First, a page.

DENVER -- The 40-something politician pledged to wage a campaign rooted in his generation's "moment of obligation and opportunity."
He sought the presidency at a time when "discontent over the failure of our political system is rampant throughout our citizenry" and said that "it is in this gathering of discontent that my candidacy intends to find its voice." He promised to "rekindle the fire of idealism in our society."
But the 44-year-old Joe Biden who announced his candidacy for president with those words on June 9, 1987, would not reach the political mountaintop. Instead, it has fallen to a 65-year-old Biden to help a 47-year-old Barack Obama succeed in running the very campaign of generational change and idealistic promise that the Delaware senator outlined but could never carry through.
In selecting Biden, Obama has signaled clearly what this week's Democratic National Convention will be about: He intends to move aggressively to ease the problems that have worried so many Democrats in recent weeks -- problems, it turns out, Obama is worried about, too.
One of them concerns limits of Obama's appeal to the white working class. Biden's unveiling was one long ode to line workers, cops and firefighters, to hard work and struggling families, to shuttered steel mills and lost manufacturing jobs.
Obama has chosen as his running mate someone who said many years ago: "We wonder why it is that blue-collar workers, who come from a heritage that is the Democratic Party, began to leave it. It's because we really don't respect them." This week, respect will be theirs and attention will be paid.
Democrats worry that Obama has been insufficiently aggressive in going after John McCain, and insufficiently attentive to the imperative of linking McCain to George W. Bush.
In private as well as in public, Biden is genuinely angry over the effect of Bush's policies, and he demonstrated in his debut performance how eager he is to go on the attack against both the president and McCain.
There is nothing dainty in Biden's approach to politics. "He's a happy warrior, he loves the whole thing, but he'll punch you out," a Democrat who has known him for decades said on Saturday. There will be nothing dainty in how McCain and Bush are dealt with during this week's convention.
Another theme of the week, or so Obama's lieutenants fervently hope, will be reconciliation with the millions in the party who rallied to Hillary Clinton. The Biden choice may have salutary effects on this front that have gone largely unnoticed.
After Biden ended his own presidential candidacy in January, he declined to endorse either Obama or Clinton. Instead, as the two rivals battled on without him, Biden was regularly on the phone with both of them, he told me earlier this year, offering views and advice and sometimes just comfort. Each candidate knew he was talking to the other. Each trusted him.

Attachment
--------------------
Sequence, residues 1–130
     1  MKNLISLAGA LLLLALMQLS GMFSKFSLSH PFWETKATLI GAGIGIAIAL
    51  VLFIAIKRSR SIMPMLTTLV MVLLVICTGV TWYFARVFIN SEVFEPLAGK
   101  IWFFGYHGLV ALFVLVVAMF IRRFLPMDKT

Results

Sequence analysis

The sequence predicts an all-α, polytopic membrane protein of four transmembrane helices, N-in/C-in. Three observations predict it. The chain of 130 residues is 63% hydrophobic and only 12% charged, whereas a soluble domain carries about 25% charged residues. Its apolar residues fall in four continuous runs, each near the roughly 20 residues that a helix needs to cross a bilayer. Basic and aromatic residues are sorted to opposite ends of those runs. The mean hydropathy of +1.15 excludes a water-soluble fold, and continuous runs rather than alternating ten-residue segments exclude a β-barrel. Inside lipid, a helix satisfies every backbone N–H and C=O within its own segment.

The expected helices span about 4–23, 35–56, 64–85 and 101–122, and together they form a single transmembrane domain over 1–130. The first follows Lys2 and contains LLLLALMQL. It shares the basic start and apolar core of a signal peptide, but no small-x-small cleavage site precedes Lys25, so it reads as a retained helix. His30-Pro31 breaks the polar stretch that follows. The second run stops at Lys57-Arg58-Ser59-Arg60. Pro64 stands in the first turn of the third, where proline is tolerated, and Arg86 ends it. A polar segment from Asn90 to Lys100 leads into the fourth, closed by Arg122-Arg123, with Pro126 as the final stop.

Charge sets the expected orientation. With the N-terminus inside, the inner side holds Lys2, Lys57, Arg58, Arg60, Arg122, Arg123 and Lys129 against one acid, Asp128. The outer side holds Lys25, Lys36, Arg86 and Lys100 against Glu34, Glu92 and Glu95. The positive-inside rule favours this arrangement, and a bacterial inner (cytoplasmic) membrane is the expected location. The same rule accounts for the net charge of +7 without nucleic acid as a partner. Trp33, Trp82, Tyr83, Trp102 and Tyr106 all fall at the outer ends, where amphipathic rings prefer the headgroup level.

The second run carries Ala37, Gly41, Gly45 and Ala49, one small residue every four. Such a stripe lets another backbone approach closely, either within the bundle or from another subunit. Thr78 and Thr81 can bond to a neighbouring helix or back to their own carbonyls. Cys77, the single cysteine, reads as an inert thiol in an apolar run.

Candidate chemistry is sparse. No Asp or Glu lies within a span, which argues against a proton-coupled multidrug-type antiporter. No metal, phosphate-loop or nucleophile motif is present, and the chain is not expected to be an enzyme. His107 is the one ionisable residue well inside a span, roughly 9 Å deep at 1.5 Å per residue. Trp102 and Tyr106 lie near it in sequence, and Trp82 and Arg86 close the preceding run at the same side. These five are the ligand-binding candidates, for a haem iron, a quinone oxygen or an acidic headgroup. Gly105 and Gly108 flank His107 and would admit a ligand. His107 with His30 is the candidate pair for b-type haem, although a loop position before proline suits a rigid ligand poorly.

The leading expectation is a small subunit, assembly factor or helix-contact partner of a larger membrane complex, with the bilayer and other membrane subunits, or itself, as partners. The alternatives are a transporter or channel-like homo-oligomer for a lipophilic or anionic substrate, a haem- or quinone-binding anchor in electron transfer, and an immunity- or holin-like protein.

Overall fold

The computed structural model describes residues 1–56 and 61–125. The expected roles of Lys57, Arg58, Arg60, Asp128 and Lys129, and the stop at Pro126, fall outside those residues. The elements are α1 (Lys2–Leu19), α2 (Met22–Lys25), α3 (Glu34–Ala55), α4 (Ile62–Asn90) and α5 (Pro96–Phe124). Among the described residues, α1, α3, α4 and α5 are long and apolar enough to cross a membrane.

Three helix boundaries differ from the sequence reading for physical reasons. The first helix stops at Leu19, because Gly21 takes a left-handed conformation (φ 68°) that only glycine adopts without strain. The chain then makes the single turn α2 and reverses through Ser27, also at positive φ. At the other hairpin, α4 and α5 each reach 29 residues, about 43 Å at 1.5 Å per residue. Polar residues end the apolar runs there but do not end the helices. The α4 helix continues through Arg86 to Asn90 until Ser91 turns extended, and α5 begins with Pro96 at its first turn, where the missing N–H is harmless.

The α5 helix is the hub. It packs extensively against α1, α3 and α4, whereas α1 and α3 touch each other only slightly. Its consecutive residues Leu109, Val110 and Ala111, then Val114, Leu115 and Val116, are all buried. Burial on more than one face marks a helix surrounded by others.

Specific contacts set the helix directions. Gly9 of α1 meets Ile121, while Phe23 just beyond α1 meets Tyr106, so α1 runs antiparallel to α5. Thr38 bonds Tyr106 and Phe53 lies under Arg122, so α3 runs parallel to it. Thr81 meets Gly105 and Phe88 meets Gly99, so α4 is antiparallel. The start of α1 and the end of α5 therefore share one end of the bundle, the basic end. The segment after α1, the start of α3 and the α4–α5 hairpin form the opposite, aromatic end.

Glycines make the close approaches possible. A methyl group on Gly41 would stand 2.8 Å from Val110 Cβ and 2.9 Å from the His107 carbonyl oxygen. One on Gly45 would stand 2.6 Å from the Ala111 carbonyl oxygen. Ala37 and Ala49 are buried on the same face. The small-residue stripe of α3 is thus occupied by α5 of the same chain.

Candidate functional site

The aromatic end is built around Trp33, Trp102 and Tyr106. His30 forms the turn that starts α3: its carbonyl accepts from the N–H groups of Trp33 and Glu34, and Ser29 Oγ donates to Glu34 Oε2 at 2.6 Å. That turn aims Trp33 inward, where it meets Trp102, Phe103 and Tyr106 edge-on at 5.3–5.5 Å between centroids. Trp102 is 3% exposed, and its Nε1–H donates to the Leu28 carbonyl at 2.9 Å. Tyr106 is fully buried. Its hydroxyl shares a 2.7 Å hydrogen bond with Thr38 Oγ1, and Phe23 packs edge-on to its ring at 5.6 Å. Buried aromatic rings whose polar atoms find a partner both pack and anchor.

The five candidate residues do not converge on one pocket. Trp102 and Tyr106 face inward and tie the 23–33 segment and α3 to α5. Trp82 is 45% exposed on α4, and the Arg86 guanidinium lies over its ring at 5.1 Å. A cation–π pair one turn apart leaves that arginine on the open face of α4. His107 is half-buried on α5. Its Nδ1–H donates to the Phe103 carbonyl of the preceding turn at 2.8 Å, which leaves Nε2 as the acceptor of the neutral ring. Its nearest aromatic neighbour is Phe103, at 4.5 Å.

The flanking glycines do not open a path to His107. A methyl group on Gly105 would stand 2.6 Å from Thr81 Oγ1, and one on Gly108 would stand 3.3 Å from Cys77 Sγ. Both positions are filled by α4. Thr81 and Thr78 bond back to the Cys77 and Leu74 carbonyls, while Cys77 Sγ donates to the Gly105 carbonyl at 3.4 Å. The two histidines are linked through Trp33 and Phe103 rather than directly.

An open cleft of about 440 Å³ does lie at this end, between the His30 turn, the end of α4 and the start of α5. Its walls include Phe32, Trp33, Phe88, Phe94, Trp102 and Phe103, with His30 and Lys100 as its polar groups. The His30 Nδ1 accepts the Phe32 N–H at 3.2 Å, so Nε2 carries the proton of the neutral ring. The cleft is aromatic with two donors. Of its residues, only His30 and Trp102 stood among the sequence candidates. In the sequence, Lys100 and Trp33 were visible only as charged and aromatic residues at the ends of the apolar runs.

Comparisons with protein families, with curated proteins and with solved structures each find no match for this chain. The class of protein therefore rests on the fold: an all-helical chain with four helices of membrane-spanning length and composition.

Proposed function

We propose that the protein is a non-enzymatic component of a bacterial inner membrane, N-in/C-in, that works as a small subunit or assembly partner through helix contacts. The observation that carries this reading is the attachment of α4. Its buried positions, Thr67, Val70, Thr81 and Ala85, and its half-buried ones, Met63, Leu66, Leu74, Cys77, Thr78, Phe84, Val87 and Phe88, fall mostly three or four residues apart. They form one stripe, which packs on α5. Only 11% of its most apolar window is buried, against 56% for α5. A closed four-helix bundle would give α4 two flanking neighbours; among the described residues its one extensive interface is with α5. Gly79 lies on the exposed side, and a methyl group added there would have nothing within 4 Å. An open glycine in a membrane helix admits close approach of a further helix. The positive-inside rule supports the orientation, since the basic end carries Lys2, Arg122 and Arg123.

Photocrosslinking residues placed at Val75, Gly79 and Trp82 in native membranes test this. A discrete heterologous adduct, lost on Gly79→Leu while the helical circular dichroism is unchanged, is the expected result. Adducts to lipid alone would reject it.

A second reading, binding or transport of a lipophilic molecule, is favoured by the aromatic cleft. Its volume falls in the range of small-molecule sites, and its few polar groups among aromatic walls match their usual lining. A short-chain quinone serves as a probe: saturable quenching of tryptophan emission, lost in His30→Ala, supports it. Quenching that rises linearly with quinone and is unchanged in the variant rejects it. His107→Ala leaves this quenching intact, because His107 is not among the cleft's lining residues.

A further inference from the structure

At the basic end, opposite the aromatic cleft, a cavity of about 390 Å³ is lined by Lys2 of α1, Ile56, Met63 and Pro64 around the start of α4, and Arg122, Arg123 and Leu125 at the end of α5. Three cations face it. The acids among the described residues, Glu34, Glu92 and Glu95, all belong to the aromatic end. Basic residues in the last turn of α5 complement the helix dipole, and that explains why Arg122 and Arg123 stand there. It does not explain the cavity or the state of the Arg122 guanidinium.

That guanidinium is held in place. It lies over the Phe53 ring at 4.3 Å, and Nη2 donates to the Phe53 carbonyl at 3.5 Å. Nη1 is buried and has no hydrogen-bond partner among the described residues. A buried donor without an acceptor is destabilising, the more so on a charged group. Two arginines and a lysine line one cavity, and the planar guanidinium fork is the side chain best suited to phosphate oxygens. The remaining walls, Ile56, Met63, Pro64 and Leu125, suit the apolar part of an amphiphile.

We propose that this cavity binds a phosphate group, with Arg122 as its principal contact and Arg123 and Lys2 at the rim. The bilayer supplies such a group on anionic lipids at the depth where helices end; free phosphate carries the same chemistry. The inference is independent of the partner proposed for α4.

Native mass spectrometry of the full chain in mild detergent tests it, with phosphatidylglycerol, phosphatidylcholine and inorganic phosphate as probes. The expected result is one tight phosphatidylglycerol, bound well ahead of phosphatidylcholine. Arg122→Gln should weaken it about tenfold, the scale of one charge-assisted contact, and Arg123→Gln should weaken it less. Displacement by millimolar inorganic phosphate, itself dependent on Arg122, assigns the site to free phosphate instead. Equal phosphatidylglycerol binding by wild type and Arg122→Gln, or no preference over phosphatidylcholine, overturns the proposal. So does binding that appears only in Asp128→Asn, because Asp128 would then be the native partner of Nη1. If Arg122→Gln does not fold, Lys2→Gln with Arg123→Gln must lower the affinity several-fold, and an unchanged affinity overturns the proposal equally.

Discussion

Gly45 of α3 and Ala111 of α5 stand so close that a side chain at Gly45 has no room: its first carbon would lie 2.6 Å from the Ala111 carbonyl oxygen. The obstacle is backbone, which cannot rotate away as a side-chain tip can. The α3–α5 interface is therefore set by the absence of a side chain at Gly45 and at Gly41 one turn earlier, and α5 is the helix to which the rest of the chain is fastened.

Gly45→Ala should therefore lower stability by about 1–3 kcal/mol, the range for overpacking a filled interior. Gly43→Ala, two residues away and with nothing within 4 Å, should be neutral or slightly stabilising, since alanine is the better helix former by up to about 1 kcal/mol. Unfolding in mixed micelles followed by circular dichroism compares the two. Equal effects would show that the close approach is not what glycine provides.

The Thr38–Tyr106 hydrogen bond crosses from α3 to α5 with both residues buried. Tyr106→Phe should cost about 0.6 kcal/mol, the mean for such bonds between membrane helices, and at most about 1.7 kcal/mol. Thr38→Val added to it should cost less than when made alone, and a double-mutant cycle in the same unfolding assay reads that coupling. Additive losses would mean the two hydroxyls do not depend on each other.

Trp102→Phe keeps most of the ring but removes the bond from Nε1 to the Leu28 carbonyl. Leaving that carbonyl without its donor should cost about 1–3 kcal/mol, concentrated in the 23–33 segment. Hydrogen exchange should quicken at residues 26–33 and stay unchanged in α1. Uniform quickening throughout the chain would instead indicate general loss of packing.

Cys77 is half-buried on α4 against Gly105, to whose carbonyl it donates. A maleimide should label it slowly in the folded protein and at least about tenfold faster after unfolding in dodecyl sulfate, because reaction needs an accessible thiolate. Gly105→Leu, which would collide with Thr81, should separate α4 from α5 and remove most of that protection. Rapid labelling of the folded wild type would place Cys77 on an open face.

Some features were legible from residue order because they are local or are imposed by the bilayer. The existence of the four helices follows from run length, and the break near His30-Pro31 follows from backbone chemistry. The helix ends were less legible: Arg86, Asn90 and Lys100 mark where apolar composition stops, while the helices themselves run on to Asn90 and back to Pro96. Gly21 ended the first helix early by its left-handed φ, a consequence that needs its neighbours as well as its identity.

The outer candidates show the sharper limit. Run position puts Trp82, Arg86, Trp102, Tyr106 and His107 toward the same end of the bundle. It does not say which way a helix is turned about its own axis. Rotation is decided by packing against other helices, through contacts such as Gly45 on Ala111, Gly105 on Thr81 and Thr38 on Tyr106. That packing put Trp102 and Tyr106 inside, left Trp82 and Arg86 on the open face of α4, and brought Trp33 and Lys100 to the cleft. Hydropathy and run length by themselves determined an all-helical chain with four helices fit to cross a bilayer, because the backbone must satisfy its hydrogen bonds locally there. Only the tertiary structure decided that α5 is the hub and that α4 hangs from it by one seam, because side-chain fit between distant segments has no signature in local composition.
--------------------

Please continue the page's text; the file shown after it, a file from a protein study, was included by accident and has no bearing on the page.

Biden is thus a Clinton-friendly choice, even if not all her supporters will see it that way. One of the largest gaps between Obama and Clinton is her perception that he has not worked as hard as she has to master foreign policy. In Biden, Obama has an interlocutor whom Clinton respects.
Biden will also broaden the range of advice Obama is receiving. "Nobody has as many ties in the foreign policy establishment as Joe does," says a friend. These ties will now be Obama's.
By selecting someone more for his qualifications than his ability to deliver a contested state, Obama pushed back hard against the McCain campaign's efforts to paint him as someone who puts "party, politics and self-interest" above national security. The Biden choice is about governing, not just about winning an election.
This convention hopes to serve another goal, a paradoxical one, perhaps: to cast Obama as a figure who can fix a broken political system by reaching beyond and transcending party.
Biden will recognize this theme, too. In that presidential announcement speech 21 years ago, he charged that the nation's political debate had "become a great pantomime, where the standard of judgment is no longer real results, but the flickering image of seriousness, skillfully crafted to squeeze into a 30-second spot ... . Have a problem? We have an answer -- but rarely a solution."
This week's convention is Obama's, not Biden's. But by setting the agenda for the work that needs to be done here, Biden may yet achieve a goal he set for himself back in 1987. His hope, he said, was "to bend history just a little bit."
E.J. Dionne, Jr. is the author of the recently published Souled Out: Reclaiming Faith and Politics After the Religious Right. He is a Washington Post columnist, a senior fellow at the Brookings Institution, and a professor at Georgetown University.
By E.J. Dionne, Jr.